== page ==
Brother David Typek, Franciscan Friar, barber, gardener, apple-cider specialist, Franciscan Crown Rosary maker, and a sandal maker! St. Francis himself, won’t be upstaged on his turf. David’s sandals have been worn by friars throughout the United States, in Jerusalem, Japan and even Rome and if there are jokes to tell about them, he deserves a chance to tell them.
Adolf Typek hails from McKees Rocks (near Pittsburgh), Pennsylvania; born on December 19, 1925 to Andrew and Mary (née Pszczoła) Typek and baptized at Sts. Cyril and Methodius Church on January 3, 1926 and attended its parochial school. Completing his elementary education, Adolf entered Stowe High School in McKees Rocks. After finishing one year of high school, Adolf sought entrance into the Franciscan Province of the Assumption of the Blessed Virgin Mary in Pulaski, Wisconsin as a Lay Brother. With documents signed on the 8th day of August, 1941, Adolf was admitted as a tertiary and received the name, “David.” And so his Franciscan journey began. During his tertianship David was confirmed at ABVM Church, Pulaski, Wisconsin on May 14, 1942 by Bishop Peter Paul Rhode of Green Bay, Wisconsin. His sponsor was Bro. Edward Kraszewski. He chose Francis as his confirmation name, a fitting nod to his Franciscan vocation.
After completing a year in Pulaski working in the kitchen, printery and tailor shop, David was transferred to Burlington, Wisconsin. He arrived that summer but found his assignment in the tailor shop very difficult. On September 4, 1942, David wrote a letter to the Provincial Minister, Fr. Isidore Cwiklinski,
“I like to work outside, digging, picking or cutting. I guess it’s because I love nature so much and especially here. It is really beautiful. The flowers, trees and different kind of plants, the animals and the river with all kinds of fish, make the environment beautiful. I really mean this, Father, I’m not just talking out of my mouth, but from the bottom of my heart. So please, Father, grant my request that I may work out in the flower gardens. You would make me very happy. So I am asking you again, grant my request. O Lord help me!”
Those who knew David, knew that he had little difficulty speaking his mind and expressing his needs.
David was admitted to the novitiate on August 14, 1945 at Assumption-BVM Monastery, Pulaski and made simple profession on August 15, 1946. It was during his novitiate that he found himself as an apprentice to Bro. Crispin Marczak, learning the trade of a cobbler, a trade that he would eventually help him save souls. On August 15, 1949 he made Solemn Profession of Vows into the hands of Fr. Isidore Cwiklinski, Provincial Minister of the ABVM Province.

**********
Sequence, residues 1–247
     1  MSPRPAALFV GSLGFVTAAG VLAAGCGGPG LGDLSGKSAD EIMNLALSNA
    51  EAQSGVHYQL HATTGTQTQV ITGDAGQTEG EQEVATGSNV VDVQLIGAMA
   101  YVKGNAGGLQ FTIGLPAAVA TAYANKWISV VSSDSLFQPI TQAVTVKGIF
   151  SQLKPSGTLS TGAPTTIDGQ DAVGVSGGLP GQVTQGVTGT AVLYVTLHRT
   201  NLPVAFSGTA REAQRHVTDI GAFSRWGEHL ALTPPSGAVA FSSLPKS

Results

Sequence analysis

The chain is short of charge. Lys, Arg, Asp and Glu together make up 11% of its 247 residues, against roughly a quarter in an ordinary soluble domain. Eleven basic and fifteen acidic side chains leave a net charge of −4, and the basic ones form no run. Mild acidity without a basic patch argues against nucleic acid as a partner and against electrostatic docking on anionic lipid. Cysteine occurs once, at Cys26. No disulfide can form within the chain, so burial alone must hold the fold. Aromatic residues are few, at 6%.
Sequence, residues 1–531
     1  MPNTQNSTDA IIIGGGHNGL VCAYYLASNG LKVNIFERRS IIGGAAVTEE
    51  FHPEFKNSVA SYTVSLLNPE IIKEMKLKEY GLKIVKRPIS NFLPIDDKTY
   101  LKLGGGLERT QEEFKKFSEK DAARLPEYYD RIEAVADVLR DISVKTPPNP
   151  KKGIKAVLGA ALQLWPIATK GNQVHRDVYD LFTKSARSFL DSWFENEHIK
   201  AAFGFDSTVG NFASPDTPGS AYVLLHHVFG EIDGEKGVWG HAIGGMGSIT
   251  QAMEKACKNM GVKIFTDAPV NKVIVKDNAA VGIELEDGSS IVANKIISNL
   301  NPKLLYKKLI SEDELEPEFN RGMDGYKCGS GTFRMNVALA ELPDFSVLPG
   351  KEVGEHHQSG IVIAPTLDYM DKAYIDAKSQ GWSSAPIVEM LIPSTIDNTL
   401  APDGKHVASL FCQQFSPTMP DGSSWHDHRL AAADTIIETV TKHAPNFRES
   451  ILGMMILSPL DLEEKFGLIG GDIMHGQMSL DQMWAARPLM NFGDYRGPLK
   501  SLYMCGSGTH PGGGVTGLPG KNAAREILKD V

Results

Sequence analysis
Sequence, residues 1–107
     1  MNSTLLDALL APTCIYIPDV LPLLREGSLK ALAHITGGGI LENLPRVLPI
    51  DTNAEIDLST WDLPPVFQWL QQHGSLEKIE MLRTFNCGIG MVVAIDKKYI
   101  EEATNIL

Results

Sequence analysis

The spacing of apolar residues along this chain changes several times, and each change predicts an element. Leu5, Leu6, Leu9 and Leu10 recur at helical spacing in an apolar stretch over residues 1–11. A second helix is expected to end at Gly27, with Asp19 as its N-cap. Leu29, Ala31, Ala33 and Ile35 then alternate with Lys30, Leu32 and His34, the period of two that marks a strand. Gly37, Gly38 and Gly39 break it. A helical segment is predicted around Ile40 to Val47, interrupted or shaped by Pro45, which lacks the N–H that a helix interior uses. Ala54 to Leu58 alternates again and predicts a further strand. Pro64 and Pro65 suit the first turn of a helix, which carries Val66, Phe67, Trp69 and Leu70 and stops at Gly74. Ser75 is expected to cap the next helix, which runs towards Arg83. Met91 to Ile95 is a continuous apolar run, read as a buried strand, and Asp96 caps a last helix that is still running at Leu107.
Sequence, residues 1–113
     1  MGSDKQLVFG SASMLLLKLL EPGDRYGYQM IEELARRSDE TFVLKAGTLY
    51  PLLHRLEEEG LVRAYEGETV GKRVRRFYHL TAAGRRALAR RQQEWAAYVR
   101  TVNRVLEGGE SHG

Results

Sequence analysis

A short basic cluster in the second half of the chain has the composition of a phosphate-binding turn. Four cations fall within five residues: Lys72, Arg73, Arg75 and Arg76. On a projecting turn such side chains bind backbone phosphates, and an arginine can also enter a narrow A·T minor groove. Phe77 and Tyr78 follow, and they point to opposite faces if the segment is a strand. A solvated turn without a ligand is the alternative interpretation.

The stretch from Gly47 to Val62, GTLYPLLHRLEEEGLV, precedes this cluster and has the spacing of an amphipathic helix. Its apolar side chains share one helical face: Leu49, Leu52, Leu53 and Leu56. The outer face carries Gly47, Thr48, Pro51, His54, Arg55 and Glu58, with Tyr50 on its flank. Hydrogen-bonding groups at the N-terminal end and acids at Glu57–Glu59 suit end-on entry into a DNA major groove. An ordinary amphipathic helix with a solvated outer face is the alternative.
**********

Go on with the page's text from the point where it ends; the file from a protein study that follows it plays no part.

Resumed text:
After solemn profession, David spent time in Green Bay and Sturtevant, Wisconsin, before returning to the task of “saving souls” in Pulaski. Making patterns, cutting leather and stitching the pieces together, gave David great delight. Knowing his ability to patiently craft his Franciscan sandals, Bro. Crispin also taught David how to cut hair, a skill he would share with the friars and laity in the years to come.
But it wasn’t until 1972 that David returned to Burlington and the gardens. The spring and summers found David up early to attend Mass and then off to the greenhouse and out on the grounds. Over the years many pilgrims found his manicured lawns and gardens a profound expression of God’s handiwork in creation. In the fall, David turned to the apple orchards. The orchard yielded large crops of apples each year. It was unacceptable for the fruit to rot. So David decided to try his hand at making apple cider rather than let the fruit rot. Hand picking the apples meant looking for additional hands. About a half-dozen college students were enlisted to help pluck the fruit. The bushelbaskets of apples were taken to a town farm where the apples were processed. The cider was then strained one last time before transferring the juice into contains for sale.
During the winter months, David returned to Pulaski and worked in the shoe shop. He would often entertain both friars and friends in the warmth of his shop. Those were the months that David would plan his next growing and planting season.
The ministry in Burlington was shifting and the needs of the Province were also shifting. It was in 1998 that David found himself once again in Pulaski. During this stay he was asked to care for the “Villa.” This northern Wisconsin site was a favorite place for the hunters and fishermen of the Province. David spent his summer at the Villa, carrying for the house and property while extending hospitality to all who came. He was truly in his element. Nature was his way of expressing his Franciscan Charism. The Canticle of the Creatures, written by St. Francis was a heartfelt prayer that touched David deeply. He was aware of Laudato Si’ before Pope Francis penned his encyclical.
By 2011, David’s physical needs began to weigh upon him and those who cared for him. David would return for the last time to Burlington but for only a year. His needs demanded further attention. After consultation with his doctors, the Provincial Nurse, Charlene Duley, and the friars, David was moved to St. Ann’s Rest Home in Milwaukee, Wisconsin. But after a short stay he was moved to the Milwaukee Catholic Home, Milwaukee in 2013.
Once at the Milwaukee Catholic Home he didn’t waste much time before he was planting seeds and raising masterful garden boxes for the residents sharing his room with seedlings and starter plants. During his stay there, David endeared himself to both residents and staff.
But his body could not sustain itself. Dealing with respiratory issues and several falls, his body gave out. It was on Saturday, July 4, 2020 that the staff found David lying quietly in the arms of Sister Death.
David died in the 94th year of his life and the 73rd year of his religious profession.
May the soul of David and the souls of all the
Faithful Departed, rest in peace. Amen.